Medical Practice Clinical Labs: Top Pitfalls to Avoid

December 3, 2014

For medical practices with clinical laboratories, compliance with formal proficiency testing must be a priority.

Many of the clients I work with have clinical laboratories within their practices.  Some of these labs offer tests that are “waived,” while others offer non-waived tests.  Practices can confirm which type of testing they offer here.

Depending on the type of testing a practice offers, different requirements must be satisfied to assure accuracy and compliance.  For waived testing, the Clinical Laboratory Improvement Amendments of 1988 (CLIA) requires continuous quality oversight and internal testing to assure standards are met.  For non-waived testing, labs must engage in formal proficiency testing (PT). 

PT is a program that requires labs to test unknown samples through a CMS approved PT program three times per year to assure the quality of the lab’s tests results as well as consistency with other labs across the country.  Every lab offering non-waived tests (even if it also offers waived tests) must enroll and participate in a PT program for each CLIA certificate that it maintains. Failure to comply with and pass PT can jeopardize a lab’s CLIA certificate.

For practices with laboratories, assuring compliance with PT must be a priority. Any practice that relies on its laboratory as a key part of its physician services (i.e., a practice specializing in reproductive medicine, or one that does extensive pathology testing) can be destroyed by the loss of CLIA certification.  For this reason, stringent oversight and training of staff on PT is essential.

When it comes to PT, the number one rule is that all specimens must be tested in the same manner as patient specimens.  This means the same number of times, with the same personnel, and using the same test system and equipment.   However, there is an important exception to this rule which has frequently created significant issues for laboratories: You must never send out your PT to another laboratory (i.e., for confirmation or identification) even if that is the way in which a particular type of specimen might normally be handled.  The consequences of referring out a sample for any reason, whether innocent or not, can be severe and can include loss of a lab’s CLIA certificate as well as a prohibition on the owners and lab director owning or directing a lab for two years.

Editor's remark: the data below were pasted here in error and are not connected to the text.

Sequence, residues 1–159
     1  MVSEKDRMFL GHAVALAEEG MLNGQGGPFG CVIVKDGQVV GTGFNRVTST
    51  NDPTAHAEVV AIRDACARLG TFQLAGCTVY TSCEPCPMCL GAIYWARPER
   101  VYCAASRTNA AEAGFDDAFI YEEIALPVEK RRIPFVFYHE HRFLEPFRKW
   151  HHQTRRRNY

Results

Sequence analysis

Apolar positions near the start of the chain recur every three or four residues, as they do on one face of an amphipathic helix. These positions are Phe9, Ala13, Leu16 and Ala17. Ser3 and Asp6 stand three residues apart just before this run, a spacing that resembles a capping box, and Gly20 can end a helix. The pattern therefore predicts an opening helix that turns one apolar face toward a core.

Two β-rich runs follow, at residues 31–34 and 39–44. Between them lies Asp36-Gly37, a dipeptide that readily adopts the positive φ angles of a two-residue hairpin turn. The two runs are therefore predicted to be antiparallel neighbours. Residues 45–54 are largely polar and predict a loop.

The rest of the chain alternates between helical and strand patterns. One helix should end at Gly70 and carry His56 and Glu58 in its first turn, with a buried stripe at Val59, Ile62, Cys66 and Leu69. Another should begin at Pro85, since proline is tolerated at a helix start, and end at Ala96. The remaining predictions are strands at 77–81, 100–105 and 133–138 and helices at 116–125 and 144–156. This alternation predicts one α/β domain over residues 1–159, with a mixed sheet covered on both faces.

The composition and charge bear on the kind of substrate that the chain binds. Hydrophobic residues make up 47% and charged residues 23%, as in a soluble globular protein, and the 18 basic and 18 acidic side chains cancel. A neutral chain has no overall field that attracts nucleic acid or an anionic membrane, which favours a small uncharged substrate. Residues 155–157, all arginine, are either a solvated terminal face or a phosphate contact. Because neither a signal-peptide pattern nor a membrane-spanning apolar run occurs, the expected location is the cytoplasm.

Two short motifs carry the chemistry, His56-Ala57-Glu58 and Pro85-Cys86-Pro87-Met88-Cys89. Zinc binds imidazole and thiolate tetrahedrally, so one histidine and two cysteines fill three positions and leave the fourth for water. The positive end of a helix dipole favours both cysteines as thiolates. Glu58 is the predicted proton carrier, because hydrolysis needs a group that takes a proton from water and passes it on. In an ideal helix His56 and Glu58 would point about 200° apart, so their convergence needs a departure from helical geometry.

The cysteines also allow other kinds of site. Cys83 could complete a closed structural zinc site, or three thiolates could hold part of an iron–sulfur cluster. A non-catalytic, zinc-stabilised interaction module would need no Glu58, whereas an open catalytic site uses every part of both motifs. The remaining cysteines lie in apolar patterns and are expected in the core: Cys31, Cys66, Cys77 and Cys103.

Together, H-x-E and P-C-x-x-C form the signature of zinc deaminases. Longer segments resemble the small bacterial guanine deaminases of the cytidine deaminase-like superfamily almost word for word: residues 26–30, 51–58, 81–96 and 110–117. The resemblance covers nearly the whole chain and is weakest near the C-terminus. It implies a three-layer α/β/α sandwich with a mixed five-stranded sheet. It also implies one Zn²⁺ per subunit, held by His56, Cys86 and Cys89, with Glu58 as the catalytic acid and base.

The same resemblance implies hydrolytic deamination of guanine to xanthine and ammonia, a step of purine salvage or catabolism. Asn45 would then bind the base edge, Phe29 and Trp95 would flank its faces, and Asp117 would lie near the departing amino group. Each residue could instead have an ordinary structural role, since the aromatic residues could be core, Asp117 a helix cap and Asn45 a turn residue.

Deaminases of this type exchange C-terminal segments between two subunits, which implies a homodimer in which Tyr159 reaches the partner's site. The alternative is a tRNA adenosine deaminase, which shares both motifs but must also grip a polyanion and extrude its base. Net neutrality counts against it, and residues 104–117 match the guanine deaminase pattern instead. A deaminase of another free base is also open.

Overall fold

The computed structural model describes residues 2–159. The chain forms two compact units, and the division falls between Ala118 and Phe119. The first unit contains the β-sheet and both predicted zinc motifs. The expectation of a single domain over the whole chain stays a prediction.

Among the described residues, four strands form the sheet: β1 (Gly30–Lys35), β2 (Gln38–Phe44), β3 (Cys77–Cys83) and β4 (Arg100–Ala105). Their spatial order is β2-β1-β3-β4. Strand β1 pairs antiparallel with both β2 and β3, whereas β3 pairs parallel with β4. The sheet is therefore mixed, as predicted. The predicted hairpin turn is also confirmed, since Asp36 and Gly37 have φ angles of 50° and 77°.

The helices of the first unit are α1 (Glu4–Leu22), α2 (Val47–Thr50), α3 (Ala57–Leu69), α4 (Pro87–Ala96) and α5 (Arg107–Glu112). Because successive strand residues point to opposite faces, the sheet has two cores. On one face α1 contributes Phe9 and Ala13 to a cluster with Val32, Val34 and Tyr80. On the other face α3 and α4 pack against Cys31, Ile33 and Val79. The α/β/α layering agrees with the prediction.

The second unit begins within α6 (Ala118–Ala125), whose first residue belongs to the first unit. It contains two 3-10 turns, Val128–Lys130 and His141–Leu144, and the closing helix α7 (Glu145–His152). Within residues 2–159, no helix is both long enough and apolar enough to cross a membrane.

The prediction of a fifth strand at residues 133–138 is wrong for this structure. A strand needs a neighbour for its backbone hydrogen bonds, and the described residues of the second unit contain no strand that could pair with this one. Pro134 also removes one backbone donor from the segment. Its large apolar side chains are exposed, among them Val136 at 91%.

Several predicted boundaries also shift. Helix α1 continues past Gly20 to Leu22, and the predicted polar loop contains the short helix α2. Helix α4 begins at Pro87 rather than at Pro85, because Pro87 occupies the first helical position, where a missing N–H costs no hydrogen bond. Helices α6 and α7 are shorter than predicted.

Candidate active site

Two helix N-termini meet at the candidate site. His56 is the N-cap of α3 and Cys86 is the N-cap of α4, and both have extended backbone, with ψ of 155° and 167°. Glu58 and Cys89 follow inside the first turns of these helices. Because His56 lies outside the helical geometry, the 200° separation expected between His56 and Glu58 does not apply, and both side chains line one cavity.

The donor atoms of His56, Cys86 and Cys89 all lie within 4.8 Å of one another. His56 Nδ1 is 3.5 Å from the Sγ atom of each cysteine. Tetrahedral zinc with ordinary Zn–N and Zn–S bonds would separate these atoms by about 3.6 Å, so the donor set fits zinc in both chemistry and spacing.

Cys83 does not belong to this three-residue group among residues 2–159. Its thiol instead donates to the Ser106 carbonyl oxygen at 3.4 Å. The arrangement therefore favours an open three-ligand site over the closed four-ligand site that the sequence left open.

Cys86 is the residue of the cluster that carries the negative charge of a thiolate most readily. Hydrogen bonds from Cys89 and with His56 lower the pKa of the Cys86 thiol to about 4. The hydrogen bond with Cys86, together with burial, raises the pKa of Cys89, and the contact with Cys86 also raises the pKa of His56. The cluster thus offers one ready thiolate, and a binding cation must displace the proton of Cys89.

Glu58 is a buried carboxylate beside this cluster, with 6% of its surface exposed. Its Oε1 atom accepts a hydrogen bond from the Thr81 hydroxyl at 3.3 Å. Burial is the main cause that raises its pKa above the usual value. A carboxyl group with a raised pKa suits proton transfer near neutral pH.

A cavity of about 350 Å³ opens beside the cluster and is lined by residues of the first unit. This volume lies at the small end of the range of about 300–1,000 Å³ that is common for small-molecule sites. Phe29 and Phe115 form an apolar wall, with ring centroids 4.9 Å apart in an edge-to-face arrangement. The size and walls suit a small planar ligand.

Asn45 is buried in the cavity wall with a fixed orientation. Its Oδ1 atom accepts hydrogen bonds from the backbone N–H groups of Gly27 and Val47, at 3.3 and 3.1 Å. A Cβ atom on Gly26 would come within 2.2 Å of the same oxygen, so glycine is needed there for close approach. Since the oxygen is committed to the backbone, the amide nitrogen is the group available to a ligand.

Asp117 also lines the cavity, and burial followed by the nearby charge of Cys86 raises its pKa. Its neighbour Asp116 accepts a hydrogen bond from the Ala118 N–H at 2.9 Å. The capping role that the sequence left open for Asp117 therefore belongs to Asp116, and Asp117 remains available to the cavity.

To avoid violating PT requirements, every practice should have specific policies and training in place on how to handle PT samples.  This might include color-coding the sample so it is not accidentally referred, or finding another approach that draws attention of lab personnel to the proper handling of PT.  If a lab typically refers out specific types of samples for staining, interpretation, or more sophisticated testing, a PT sample of that type would need to be returned with the explanation it could not be completed because the test would be referred out under standard procedures.  Unfortunately, CMS does not differentiate between a PT sample accidentally shipped out or a rogue employee who sends a PT sample to a friend at another lab to confirm results.  Both events have been treated as equally serious PT referrals in the eyes of CMS.

Although there are many different types of PT violations that occur, PT referrals have particularly plagued many institutions, whether caused by automatization, human error, or other reasons.  As a result of vocal critics of PT, new legislation was proposed.  On Dec. 4, 2012, Obama signed the Test Act which amends Section 353 of the Public Health Service Act and is intended to allow CMS a little more regulatory flexibility under CLIA for referrals of PT. 

The rules create three levels of sanctions for cases of PT referrals based on the severity of the referral or violation.  Among factors taken into account in determining consequences are past PT violations, the type of violation, and the availability of other lab resources in the community.  Other penalties that may now be considered include fines, staff training, and even a directed plan of correction.

Unfortunately the Test Act does not appear to go far enough, since still it fails to differentiate between intentional and non-intentional PT referrals and still mandates harsh minimum penalties for certain violations without requiring a case-by-case review of the facts and circumstances involved. For this reason, it’s still very important for practices with labs that offer non-waived testing to remain vigilant when it comes to handling PT samples